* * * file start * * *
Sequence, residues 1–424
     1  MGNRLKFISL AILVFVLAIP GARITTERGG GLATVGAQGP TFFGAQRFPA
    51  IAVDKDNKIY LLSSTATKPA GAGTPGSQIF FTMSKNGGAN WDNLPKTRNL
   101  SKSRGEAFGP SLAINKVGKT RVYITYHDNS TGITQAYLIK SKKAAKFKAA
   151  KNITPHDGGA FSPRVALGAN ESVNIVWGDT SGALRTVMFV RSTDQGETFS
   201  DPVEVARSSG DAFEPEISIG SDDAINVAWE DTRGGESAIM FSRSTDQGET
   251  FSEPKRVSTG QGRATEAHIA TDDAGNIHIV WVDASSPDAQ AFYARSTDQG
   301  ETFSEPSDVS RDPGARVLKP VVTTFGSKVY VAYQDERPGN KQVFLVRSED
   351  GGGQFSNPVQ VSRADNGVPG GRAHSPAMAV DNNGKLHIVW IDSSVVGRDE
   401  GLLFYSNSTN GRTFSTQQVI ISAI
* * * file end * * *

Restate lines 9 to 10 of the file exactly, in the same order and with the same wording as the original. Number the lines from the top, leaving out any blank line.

   351  GGGQFSNPVQ VSRADNGVPG GRAHSPAMAV DNNGKLHIVW IDSSVVGRDE
   401  GLLFYSNSTN GRTFSTQQVI ISAI